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Traffic-related air pollutants increase the risk for age-related macular degeneration

Abstract

The aim of this study was to investigate whether ambient nitrogen dioxide (NO2) and carbon monoxide (CO) increase the risk for age-related macular degeneration (AMD). This is a longitudinal population-based study using the data on Taiwan National Health Insurance Program between year 2000 and 2010. From the nationwide dataset, we enrolled subjects aged 50 or older and the annually total NO2 and CO exposure was calculated from 1998 to 2010 for each subject. The Cox proportional hazard regression was used to estimate the HRs with adjustment for other variables. A total of 39,819 AMD-free residents were enrolled, and 1442 participants developed AMD during the 11 -year follow-up. Compared with the lowest exposure quartile, the highest quartile of each air pollutant was associated with an increased risk for AMD. The adjusted HR was 1.91 (95% CI 1.64 to 2.23, p<0.001) for the highest NO2 quartile, and was 1.84 (95% CI 1.5 to 2.15, p<0.001) for the highest CO quartile. In this study, chronic exposure to the highest quartile of ambient NO2 or CO significantly increases the risk for AMD.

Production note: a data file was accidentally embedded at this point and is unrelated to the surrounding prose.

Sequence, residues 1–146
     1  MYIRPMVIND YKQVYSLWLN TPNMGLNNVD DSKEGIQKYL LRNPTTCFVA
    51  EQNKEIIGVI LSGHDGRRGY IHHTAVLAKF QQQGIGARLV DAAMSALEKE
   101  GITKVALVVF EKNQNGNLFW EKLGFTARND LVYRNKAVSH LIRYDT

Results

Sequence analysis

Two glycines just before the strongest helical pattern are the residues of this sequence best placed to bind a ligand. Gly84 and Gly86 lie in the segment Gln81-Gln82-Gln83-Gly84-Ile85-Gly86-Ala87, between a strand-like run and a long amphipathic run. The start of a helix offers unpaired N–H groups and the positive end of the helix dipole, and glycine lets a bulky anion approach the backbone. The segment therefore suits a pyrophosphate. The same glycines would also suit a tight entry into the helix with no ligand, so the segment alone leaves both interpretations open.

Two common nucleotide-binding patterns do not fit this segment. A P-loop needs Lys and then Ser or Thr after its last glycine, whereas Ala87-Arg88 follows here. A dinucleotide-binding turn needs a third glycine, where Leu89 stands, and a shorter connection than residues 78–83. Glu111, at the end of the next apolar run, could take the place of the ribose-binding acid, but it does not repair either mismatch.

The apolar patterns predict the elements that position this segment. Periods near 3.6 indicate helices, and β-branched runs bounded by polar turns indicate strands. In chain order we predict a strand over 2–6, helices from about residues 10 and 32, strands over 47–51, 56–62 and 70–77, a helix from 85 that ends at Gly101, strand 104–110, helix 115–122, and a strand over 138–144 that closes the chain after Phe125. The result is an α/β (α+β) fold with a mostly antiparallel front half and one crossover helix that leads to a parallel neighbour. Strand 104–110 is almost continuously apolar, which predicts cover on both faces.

• traffic-related pollutants
  • nitrogen dioxide (NO2)
  • carbon monoxide (CO)
  • age-related macular degeneration (AMD)
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